Commonwealth heads of government, continuing their conference in Singapore, yesterday (Monday) debated the international economic situation.
GV Flags at conference hall (2 shots)
SV British P.M. Heath into building
SV Shearer (Jamaica) into building (2 shots)
SV Forbes Burnham (Guyana) into building
SV Razak (Malaysia) into building (2 shots)
CU Moi (Kenya) into building
CU Mrs Bandaranaike (Ceylon) into building
CU Sir Seewoosagur Ramgoolam (Mauritius) arrives
SV Trudeau (Canada) arrives (2 shots)
CU Kaunda (Zambia) arrives
SV & CU Swaran Singh (India) into building (2 shots)
SV Dr. Borg Oliver (Malta) into building
SV Obote (Uganda) out of building and into car
Initials AH/JH/ES.1646 AH/JH/ES.1710
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Background: Commonwealth heads of government, continuing their conference in Singapore, yesterday (Monday) debated the international economic situation. British Prime Minister Edward Heath, trying to allay the anxiety felt by developing countries, pledged that Britain would continue to follow liberal trading policies and would increase aid to poorer nations.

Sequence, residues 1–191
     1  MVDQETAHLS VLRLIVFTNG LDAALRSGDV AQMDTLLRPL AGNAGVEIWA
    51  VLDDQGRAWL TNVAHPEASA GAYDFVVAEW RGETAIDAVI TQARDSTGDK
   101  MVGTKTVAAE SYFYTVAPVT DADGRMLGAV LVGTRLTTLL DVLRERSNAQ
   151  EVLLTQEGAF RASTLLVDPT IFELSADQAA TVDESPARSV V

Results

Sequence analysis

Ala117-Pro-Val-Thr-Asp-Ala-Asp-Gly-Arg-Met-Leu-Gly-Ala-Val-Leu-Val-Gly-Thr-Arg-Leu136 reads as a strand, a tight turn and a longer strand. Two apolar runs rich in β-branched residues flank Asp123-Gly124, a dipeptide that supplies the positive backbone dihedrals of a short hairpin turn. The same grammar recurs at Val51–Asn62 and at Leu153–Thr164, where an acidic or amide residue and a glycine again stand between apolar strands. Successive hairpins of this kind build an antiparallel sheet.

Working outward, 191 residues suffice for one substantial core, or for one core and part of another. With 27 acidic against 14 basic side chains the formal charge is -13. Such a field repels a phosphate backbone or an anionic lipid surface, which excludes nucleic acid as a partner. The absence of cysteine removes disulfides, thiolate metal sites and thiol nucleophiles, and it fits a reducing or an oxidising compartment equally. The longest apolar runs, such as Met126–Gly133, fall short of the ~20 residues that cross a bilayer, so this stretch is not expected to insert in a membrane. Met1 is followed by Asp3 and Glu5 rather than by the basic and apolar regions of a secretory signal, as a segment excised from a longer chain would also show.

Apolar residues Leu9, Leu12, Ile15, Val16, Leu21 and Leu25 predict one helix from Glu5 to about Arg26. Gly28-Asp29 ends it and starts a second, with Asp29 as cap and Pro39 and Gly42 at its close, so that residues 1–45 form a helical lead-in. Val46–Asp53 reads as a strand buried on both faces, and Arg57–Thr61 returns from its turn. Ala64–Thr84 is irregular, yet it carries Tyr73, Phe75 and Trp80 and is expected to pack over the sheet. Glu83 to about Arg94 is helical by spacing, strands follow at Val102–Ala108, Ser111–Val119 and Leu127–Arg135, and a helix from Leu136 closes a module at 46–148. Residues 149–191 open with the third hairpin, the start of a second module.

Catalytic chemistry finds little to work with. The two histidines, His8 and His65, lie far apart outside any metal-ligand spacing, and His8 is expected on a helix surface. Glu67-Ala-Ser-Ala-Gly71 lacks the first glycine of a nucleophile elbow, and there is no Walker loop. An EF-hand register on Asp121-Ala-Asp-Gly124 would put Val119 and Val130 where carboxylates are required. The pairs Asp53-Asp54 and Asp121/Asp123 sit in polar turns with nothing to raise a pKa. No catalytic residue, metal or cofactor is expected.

The problem of rampant inflation was broached by many leaders. Britain's tactics, said Mr Heath, were to oppose inflationary settlements, reduce taxation and cut back government spending -- though this did not include cuts in overseas aid, he emphasised.
Britain, he added, did not believe in deflation. This would only lead to unemployment, reduced exports and a cut in imports, which would hurt developing countries.
India and other textile producers were worried about a change in Britain's import policy for Commonwealth cotton textiles, under which existing quotas would be abolished and replaced by a tariff system. Mr Heath assured these countries that the new system would not mean a reduction in their exports to Britain.
Behind the scenes yesterday, the controversy over proposed British arms sales to South Africa continued to simmer. At a news conference, President Milton Obote of Uganda warned that the sale of arms would be an open invitation to the Soviet Union, and possibly to the Chinese, to replace the influence of Western powers on their continent.